A Capitol Heights man charged with drunk driving and manslaughter in connection with a three-car accident that killed two members of a Northeast Washington family was held in jail yesterday after failing to post $10,000 bond.
Rodney J. Merrill, 26, of the 400 block of Goldleaf Avenue, was charged with two counts of manslaughter and one count each of driving while under the influence of alcohol, driving without a permit and reckless driving. Police said Merrill works as a construction laborer.
The accident, which occurred about 9 p.m. Monday in the 400 block of Rhode Island Avenue NE, killed Joseph Chapman Sr., 47, and his daughter Joyce, 19, and seriously injured two other members of the Chapman family.
Chapman, a waiter at the Mayflower Hotel, and his daughter, a recent graduate of McKinley High School, were pronounced dead on arrival at the Washington Hospital Center shortly after the accident.
Chapman's wife, Mary, 44, was in serious but stable condition yesterday at the hospital center. Joseph Chapman Jr., Joyce's twin, was in serious condition at Howard University Hospital last night, officials said.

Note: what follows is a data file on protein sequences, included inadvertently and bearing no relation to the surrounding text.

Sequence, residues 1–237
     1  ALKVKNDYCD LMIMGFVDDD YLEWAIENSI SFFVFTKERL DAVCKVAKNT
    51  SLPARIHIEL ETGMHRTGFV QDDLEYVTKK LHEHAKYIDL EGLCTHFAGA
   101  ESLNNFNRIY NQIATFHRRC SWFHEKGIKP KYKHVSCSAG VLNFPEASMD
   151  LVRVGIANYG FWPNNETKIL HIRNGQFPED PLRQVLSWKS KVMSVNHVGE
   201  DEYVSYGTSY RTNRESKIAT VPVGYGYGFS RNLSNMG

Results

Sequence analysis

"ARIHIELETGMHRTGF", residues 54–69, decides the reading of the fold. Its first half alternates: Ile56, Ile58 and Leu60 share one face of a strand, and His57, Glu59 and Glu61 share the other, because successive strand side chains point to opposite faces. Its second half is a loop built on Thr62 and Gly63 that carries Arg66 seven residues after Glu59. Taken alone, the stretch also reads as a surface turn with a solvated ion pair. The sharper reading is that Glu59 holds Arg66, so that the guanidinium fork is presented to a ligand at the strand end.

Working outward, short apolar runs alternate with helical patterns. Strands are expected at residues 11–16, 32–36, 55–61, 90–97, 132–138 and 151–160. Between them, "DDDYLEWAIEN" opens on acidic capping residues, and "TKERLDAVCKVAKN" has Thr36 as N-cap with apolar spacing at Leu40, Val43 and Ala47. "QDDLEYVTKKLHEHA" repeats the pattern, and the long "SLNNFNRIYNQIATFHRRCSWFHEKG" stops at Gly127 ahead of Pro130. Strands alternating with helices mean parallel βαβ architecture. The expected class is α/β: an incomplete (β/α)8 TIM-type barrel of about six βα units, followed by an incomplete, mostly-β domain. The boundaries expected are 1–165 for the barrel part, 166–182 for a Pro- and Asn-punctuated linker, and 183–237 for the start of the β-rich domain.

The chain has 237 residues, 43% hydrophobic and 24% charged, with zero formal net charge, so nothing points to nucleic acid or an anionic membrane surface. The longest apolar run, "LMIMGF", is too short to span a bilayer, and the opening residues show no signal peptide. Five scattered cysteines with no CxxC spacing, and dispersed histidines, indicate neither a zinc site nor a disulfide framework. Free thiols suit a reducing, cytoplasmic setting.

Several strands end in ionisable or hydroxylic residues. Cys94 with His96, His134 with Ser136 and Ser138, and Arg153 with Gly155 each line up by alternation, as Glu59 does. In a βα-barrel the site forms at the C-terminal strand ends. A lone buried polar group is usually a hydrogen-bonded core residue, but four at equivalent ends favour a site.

Yesterday, neighbors of the Chapmans gathered informally outside the Benning Road NE apartment building where the close-knit family lived.
"This is a big loss to us," said George Jackson, 64, a neighbor at the Pentacle Apartments, where the Chapmans have lived since 1978. "He Joseph Chapman Sr. was very active in our tenant association. He loved children, always had a kind word for everybody."
Jackson added, "He impressed you as a person who believed that if he were to do the right thing, it would make him a better person."
"This is a terrible shame," said William McQueen, 69, a retired railroad porter. McQueen said that an allegation of drunk driving was involved "makes it worse."
Family members said the father, originally from East St. Louis, Ill., met his wife, a native of Charlestown, W.Va., here in Washington. Mary Chapman is a sales assistant at the Hecht Co.
A spokesman at the Mayflower described Joseph Chapman Sr. as a large, muscular man with a gentle manner. He had worked there since 1959, first as a busboy and later as a waiter in the main dining room, officials said.
"He was favored by a lot of notable politicians, dignitaries and other VIPs who frequented our Carvery dining room," said Stephen Solomon, director of personnel at the Mayflower. "They would often ask for him to be their waiter. He was very professional. The man had charisma, inner soul. When he smiled, you could see that the man had heart."
Police said the compact car in which the Chapmans were riding was making a legal U-turn when it was struck by Merrill's car, which was traveling southwest on Rhode Island Avenue NE.
The impact of the collision forced the Chapmans' car to skid into a curb and overturn. The daughter, who was driving the car, the father and the mother were thrown from the vehicle. Rescue workers removed the son from the car.
A third car, parked nearby, was also struck. Two passengers in that car were not seriously injured, police said.